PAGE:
Before you shop for foods to stock up on, be sure to get rid of those items in both your fridge and pantry that are not whole food and plant-based. That would be any items that are high in added oils, salt, or sugar. Give them away to those in need or throw them out. Don't feel guilty because your health is worth it!
To find a list of items that are allowed on a whole food plant-based diet, check out this article which is your roadmap, "The Basics: Your Guide to a Whole Food Plant-Based Vegan Diet."
Pantry Items with
Whole Food Plant-Based Groceries
Now you're ready to stock up on delicious and health-sustaining fruit, vegetables, legumes, whole grains, a few nuts, and seeds, and a few packaged items that are minimally processed.
Think about this first, though. If you like to plan meals for the week, then make sure your plant-based diet grocery list includes what you need from the meals you'll make. Check out my article, "Beginner's Guide to Easy Plant-Based Vegan Meal Planning" for some ideas.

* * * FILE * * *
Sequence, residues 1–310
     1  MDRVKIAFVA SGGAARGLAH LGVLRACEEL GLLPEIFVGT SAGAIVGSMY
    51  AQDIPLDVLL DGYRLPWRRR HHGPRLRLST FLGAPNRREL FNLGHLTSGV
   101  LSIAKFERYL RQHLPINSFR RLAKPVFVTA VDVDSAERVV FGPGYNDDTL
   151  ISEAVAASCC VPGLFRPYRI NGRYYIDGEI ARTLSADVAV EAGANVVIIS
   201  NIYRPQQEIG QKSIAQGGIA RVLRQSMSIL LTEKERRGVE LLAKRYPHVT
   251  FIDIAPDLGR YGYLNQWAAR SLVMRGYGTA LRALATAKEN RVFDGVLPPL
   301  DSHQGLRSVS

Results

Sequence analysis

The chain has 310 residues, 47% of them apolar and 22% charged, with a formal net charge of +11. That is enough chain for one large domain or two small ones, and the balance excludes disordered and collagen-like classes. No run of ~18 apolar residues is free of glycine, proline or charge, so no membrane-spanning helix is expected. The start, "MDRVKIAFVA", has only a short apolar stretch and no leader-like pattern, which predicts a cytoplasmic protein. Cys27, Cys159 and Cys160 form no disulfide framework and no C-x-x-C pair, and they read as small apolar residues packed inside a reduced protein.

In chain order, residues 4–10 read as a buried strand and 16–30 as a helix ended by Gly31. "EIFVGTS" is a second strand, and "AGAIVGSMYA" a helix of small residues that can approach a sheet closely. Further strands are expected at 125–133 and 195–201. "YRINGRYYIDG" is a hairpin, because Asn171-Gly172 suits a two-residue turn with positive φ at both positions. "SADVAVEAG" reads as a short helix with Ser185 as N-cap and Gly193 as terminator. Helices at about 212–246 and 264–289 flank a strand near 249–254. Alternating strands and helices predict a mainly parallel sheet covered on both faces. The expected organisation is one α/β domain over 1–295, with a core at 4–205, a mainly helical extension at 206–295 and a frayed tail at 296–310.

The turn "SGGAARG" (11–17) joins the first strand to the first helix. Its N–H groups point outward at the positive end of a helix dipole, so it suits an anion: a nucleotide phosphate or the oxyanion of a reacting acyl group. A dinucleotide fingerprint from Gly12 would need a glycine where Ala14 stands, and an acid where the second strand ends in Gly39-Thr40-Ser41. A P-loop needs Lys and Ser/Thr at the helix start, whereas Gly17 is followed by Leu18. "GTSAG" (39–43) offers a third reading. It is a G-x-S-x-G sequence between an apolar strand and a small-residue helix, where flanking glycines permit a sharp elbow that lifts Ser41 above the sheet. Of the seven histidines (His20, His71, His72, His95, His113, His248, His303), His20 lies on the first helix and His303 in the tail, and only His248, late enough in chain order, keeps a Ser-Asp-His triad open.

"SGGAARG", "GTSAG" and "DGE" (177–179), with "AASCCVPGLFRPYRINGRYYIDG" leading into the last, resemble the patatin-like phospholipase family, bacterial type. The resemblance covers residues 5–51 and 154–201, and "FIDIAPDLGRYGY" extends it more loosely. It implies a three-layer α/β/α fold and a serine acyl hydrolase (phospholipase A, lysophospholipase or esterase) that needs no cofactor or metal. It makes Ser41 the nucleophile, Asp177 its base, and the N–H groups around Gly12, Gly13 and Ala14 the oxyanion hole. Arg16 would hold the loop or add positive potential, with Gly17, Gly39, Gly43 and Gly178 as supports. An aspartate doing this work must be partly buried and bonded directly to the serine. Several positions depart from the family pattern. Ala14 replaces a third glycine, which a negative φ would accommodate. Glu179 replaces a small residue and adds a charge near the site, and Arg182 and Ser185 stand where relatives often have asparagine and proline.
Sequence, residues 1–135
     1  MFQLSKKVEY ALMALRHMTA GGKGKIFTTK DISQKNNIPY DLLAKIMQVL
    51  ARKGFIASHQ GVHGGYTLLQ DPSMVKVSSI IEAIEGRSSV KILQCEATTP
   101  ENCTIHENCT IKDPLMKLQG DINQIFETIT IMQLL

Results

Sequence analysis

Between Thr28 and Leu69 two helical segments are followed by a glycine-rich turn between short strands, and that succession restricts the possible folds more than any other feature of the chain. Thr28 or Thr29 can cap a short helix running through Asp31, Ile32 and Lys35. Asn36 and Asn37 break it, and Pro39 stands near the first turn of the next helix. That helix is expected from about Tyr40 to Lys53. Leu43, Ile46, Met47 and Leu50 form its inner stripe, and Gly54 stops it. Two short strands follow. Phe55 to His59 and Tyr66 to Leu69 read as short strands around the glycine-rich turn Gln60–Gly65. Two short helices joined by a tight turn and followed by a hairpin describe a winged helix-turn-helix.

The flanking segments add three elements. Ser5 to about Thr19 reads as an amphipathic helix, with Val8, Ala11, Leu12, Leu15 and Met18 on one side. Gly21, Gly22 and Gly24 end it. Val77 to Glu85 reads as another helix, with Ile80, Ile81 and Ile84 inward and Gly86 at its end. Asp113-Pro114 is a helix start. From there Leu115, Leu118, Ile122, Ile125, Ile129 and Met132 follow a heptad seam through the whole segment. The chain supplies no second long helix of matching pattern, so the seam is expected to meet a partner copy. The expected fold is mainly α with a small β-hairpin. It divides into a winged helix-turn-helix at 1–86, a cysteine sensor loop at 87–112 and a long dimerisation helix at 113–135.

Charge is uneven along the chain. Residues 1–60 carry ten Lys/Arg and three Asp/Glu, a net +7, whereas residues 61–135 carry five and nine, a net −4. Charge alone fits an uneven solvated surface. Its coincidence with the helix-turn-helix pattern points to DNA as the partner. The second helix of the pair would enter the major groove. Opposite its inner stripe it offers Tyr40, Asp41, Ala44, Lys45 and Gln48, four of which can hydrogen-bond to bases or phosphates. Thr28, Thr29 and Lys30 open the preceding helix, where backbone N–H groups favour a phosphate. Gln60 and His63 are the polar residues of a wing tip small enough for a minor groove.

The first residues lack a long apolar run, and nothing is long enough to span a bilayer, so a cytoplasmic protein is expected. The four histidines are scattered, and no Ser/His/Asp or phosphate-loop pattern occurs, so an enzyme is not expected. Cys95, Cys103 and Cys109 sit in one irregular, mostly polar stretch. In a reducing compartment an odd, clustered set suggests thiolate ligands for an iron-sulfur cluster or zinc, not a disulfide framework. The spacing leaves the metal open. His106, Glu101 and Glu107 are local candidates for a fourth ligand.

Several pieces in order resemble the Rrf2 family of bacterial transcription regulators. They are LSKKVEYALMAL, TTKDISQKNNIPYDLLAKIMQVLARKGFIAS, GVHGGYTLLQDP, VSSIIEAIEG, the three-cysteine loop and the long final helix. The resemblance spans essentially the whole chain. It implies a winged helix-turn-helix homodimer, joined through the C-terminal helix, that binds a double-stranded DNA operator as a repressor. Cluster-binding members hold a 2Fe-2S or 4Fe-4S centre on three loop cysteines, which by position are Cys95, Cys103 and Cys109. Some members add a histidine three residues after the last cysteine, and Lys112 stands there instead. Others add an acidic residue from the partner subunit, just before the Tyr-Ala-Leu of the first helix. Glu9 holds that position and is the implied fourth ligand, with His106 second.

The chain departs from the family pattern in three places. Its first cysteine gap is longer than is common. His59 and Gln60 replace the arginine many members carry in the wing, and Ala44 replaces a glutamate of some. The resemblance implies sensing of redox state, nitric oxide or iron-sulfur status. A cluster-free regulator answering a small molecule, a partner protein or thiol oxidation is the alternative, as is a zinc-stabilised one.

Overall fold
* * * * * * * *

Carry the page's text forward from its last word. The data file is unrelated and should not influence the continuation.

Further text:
Or, if you like to wing it, then choose plant-based pantry items from the list below so you'll have plenty to work with when mealtime rolls around.
DRY PLANT-BASED ITEMS
- Brown, black or wild rice
- Whole-grain crackers (purchase the Plant-Strong Engine 2 Brand * for no oil)
- Whole-grain bread: Food for Life, Alvarado Street Bakery, Trader Joe's Sprouted Wheat for example
- Whole-grain flour for baking
- Whole-grain cereal: low sugar preferred, oats (old-fashioned or steel-cut), quinoa, muesli, granola
- Beans for making from scratch on the stove or in a pressure cooker or Instant Pot
PLANT BASED CANNED or BOXED ITEMS:
- Beans & Legumes: including lentils and all beans such as kidney, black, pinto, chickpea, adzuki, navy, cannellini, and fat-free refried *.
- Tomatoes: paste, dice, whole, fire-roasted, stewed
- Pasta sauce (fat-free * if possible)
- Potatoes: Russet, Yukon Gold, Sweet, Blue and more
- And, many more
- Fruit: all kinds of fresh fruit and be sure to include berries (frozen is fine).
No sugar or additive brands: Trader Joe’s brand soy milk, Malk brand almond, Three Trees, and Westsoy brand soy milk.
OTHER IMPORTANT ITEMS FOR YOUR PANTRY:
- Nutritional yeast
- Vital wheat gluten
- Refrigerated tofu or Silk brand tofu
- Tamari (like soy sauce)
- Vegan Worcestershire
- Maple syrup
Links to help you stock your pantry or fridge with essential food
- Check out my post “Uncommon Ingredients” for a handy list of items you that might be difficult to find
- List of Forks Over Knives approved products and brands
- My handy weekly meal planner
WANT TO KNOW WHAT I PURCHASE?
When you sign up for my weekly email newsletter, I'll include this plant-based groceries freebie.
Look for more TIPS on the Tools & Tips page.